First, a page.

Mexico’s president said dozens of people were missing after a mudslide that buried homes as Manuel pounded the country’s Pacific coast.
At least 58 people were unaccounted for in the town of Atoyac de Alvarez, Mexican Pesident Enrique Peña Nieto told reporters Wednesday.
The mayor of the town, which is located about 50 miles west of Acapulco, told CNNMexico that 15 bodies had been recovered and at least 70 people remained buried under mud that buried 20 homes.
Manuel, which strengthened into a hurricane Wednesday evening, was one of three storms bringing devastating deluges and flooding to Mexico. At least 80 people were killed in the storms, Mexico’s interior ministry said.
In the Pacific resort city of Acapulco, thousands of tourists were stranded.
“Unfortunately, this took us by surprise,” Veronica Garcia told CNN en Español. “It rained uncontrollably. The streets flooded and we had to stay inside our beach house.”
Garcia said her family was stuck on the home’s second floor because of flooding. As if that wasn’t enough, they had to face an agonizing decision: who should be rescued?
The Garcias were among some 40,000 tourists left stranded or cut off by weather that has claimed dozens of lives during a holiday weekend.
As the water rose, Garcia and her four family members waited nervously on the upper floor for help, but no rescuers appeared to whisk them to safety.
When local volunteers finally arrived with a small kayak, their relief was short-lived. Rescuers said the boat would only fit two family members.
It was decided that Garcia would be rescued, along with one of her sons.
A second round of agony followed as Garcia spent two days in a shelter before the rest of her family was rescued and everyone was reunited.
The Garcias’ story was only one of countless examples of tourists whose vacations were interrupted by severe weather. Mexico was being pummeled from nearly all sides Wednesday as Manuel, the remnants of Hurricane Ingrid, and a new area of low pressure threatened most of the country with flooding or rain.
Mexico’s interior ministry said Wednesday that the storms are responsible for at least 80 deaths nationwide.
And a state-by-state tally indicates the toll could be higher.
In Guerrero state alone, where Acapulco is located, heavy rains and widespread flooding from Manuel caused mudslides that cut off highways and buried homes, Acapulco Mayor Luis Walton told CNN en Español Tuesday night.
“Acapulco is practically incommunicado,” he said.
On Wednesday, the rain eased and rescue operations and evacuations of tourists quickened.
Manuel strengthened into a hurricane Wednesday evening and, as of 5 p.m. (8 p.m. ET), was churning with maximum sustained winds of 75 mph about 20 miles (30 km) southwest of the Pacific coastal city of Altata, Mexico, the National Hurricane Center said.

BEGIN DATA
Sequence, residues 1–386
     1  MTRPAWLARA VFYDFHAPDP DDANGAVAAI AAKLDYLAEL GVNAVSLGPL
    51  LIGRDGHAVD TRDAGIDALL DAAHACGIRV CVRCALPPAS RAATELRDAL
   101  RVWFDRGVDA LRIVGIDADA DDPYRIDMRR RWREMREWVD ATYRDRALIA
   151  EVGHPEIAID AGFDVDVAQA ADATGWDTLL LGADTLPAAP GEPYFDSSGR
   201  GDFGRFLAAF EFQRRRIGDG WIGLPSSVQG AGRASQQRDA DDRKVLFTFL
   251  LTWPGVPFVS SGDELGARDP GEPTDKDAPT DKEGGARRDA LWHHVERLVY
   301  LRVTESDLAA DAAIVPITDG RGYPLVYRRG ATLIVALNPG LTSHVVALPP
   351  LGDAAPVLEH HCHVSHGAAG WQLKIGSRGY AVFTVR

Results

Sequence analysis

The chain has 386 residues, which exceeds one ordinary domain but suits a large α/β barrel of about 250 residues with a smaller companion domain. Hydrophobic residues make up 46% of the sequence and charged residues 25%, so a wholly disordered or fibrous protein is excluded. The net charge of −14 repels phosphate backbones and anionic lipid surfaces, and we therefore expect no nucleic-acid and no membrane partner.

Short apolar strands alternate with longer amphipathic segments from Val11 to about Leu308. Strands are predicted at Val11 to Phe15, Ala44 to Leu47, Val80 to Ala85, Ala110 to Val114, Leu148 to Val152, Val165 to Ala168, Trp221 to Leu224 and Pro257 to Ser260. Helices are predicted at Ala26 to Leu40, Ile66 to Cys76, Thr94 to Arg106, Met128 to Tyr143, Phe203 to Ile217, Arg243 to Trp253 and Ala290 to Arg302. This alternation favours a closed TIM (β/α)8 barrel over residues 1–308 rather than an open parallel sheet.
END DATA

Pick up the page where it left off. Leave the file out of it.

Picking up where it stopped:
Manuel is expected to produce five to 10 inches of rain over the state of Sinaloa, the National Hurricane Center predicted.
While Manuel cast a shadow over the Pacific coast, a low pressure area on the Gulf side — the remnants of Ingrid — continued to batter the coastal states of Tamaulipas and Veracruz.
Residents there sent photos to CNN showing streets that looked like rivers, with the tops of cars sticking out of the flood waters.
And to the south, over the Yucatan Peninsula, another area of low pressure had a 70% chance of becoming a tropical cyclone within 48 hours, the National Hurricane Center said.
More than 1 million residents across Mexico have been affected in some way by the storms, Interior Minister Miguel Angel Osorio Chong told reporters.
Acapulco airport operator Centro Norte Airport Group moved its ticketing process to a convention center because of flooding in the passenger terminals.
Several airlines were waiving fees and helping get passengers out as the airport began to operate again.
A break in the rain allowed some 2,000 people to be flown from Acapulco to Mexico City as of Tuesday night.
Mexico City resident Edgar Nava was one of them.
When he arrived in Acapulco Friday and asked about the rains, he said police told him everything was fine. But Nava told CNNMexico he spent four nights terrified and trapped by flooding in an apartment with three friends.
He flew out of Acapulco on a military airplane that evacuated tourists on Tuesday, leaving his car behind in the resort city.
“I never imagined it would be like this …. There is no way to take the highway,” he said. “Later I will have to figure out how to come back to get it.”
The Acapulco city government said some 40,000 tourists had been stranded in the resort destination. The government set up special hotlines to help tourists, and businesses were offering special discounts for those who found themselves stuck.
“The aid is flowing,” Mexican President Enrique Peña Nieto told reporters. “A large deployment (of resources) is being made specifically to the most affected areas.”
The severe weather made it difficult for aid to be airlifted into the hardest-hit areas, but those efforts resumed Wednesday, he said.
CNN’s Shasta Darlington, Brian Walker, Catherine E. Shoichet and Marysabel Huston-Crespo and CNNMexico’s Laura Reyes contributed to this report.
Mariano Castillo and Catherine E. Shoichet | CNN